3 Theoretical perspectives
3.1 Pluralist perspective
3.2 Unitarist perspective
3.3 Marxist/Radical perspective
4 Industrial relations today
5 Notes
6 Further reading
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Industrial relations has three faces: science building, problem solving, and ethical.
In the science building
phase, industrial relations is part of the social sciences, and it seeks to understand the employment
relationship and its institutions through high-quality, rigorous research. In this vein, industrial relations
scholarship intersects with scholarship in labor economics, industrial sociology, labor and social history,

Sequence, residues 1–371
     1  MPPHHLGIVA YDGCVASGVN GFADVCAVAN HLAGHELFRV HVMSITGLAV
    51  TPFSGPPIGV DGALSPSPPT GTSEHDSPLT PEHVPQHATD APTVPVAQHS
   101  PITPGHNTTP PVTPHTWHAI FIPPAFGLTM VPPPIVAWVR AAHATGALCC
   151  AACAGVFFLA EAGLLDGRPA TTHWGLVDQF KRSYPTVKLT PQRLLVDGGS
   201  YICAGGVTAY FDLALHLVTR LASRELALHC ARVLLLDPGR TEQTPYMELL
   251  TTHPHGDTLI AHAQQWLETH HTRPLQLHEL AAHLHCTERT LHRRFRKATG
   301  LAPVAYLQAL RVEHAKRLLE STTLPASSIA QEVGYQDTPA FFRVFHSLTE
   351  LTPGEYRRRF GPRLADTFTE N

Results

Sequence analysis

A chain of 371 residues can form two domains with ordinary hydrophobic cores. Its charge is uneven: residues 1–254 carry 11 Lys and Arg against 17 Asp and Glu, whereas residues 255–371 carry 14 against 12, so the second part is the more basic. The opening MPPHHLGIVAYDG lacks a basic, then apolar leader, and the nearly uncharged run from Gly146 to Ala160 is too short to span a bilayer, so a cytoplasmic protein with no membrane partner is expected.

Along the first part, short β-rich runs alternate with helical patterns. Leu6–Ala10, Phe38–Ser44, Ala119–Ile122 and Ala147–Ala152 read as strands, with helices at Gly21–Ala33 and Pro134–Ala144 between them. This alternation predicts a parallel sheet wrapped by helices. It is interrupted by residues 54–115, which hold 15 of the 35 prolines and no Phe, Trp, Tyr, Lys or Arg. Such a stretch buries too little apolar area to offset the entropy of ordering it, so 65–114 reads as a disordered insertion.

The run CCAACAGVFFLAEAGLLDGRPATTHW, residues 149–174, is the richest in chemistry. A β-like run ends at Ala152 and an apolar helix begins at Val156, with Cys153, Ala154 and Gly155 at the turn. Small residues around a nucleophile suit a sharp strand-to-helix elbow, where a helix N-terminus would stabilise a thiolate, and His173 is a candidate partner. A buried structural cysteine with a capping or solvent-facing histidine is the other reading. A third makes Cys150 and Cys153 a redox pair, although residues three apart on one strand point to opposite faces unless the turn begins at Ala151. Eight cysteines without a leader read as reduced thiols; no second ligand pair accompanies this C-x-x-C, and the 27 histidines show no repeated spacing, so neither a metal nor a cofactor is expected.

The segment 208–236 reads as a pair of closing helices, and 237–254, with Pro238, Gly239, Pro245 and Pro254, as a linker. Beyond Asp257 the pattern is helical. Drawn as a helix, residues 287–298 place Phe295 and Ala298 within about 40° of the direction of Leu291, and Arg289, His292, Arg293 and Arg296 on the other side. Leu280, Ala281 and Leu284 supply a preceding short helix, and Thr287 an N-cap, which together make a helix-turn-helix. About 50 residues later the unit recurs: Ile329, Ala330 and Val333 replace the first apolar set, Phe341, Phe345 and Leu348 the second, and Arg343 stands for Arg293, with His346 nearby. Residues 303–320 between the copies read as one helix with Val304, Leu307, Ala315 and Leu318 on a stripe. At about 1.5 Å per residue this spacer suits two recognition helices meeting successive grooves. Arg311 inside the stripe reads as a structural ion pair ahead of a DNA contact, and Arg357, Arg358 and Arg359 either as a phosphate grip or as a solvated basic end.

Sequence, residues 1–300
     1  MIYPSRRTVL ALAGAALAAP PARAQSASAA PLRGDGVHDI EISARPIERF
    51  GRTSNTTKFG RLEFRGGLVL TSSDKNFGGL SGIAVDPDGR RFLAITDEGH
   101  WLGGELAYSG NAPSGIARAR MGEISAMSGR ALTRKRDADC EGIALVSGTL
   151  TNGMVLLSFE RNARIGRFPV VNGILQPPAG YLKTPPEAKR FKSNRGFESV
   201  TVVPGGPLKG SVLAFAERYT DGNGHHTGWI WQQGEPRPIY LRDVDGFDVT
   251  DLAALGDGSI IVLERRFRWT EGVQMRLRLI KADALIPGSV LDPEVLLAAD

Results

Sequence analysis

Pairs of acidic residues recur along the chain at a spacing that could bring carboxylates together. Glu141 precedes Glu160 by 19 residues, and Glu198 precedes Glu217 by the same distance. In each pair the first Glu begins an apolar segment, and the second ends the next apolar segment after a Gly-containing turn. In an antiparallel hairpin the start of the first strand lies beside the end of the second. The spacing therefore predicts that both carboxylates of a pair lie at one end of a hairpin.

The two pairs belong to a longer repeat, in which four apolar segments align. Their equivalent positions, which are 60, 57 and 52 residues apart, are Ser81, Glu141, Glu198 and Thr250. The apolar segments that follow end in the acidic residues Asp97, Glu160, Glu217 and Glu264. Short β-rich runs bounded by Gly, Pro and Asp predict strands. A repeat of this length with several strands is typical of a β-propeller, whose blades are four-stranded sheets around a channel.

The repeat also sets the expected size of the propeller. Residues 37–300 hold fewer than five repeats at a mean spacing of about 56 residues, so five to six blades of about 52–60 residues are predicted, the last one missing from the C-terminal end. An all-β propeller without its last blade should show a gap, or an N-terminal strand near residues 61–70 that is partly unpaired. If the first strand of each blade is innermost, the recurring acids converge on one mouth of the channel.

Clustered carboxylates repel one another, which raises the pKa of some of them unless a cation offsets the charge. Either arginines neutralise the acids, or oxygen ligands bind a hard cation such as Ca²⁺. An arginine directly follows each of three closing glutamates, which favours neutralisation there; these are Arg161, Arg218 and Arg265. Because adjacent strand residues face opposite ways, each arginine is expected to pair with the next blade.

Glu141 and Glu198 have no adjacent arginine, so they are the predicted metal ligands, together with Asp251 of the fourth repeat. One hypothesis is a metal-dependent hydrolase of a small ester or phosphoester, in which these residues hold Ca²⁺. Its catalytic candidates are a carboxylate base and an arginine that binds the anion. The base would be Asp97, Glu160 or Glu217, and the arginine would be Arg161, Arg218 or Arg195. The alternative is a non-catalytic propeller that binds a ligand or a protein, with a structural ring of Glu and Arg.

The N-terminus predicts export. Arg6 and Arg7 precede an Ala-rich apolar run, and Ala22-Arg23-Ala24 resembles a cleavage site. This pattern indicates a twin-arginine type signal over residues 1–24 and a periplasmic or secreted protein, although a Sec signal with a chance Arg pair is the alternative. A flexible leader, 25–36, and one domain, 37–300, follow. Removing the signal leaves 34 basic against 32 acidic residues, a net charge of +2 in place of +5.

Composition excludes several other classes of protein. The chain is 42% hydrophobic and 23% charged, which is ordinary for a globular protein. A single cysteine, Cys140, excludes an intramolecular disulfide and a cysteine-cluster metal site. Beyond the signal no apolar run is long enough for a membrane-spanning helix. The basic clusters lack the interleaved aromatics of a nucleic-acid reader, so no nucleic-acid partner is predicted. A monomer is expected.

human resource management, political science, law, and other areas.
Industrial relations scholarship assumes that labor markets are not perfectly competitive and thus, in
contrast to mainstream economic theory, employers typically have greater bargaining power than
employees. Industrial relations scholarship also assumes that there are at least some inherent conflicts of
interest between employers and employees (for example, higher wages versus higher profits) and thus, in
contrast to scholarship in human resource management and organizational behavior, conflict is seen as a
natural part of the employment relationship. Industrial relations scholars therefore frequently study the
diverse institutional arrangements that characterize and shape the employment relationship—from norms
and power structures on the shop floor, to employee voice mechanisms in the workplace, to collective
bargaining arrangements at company, regional, or national level, to various levels of public policy and labor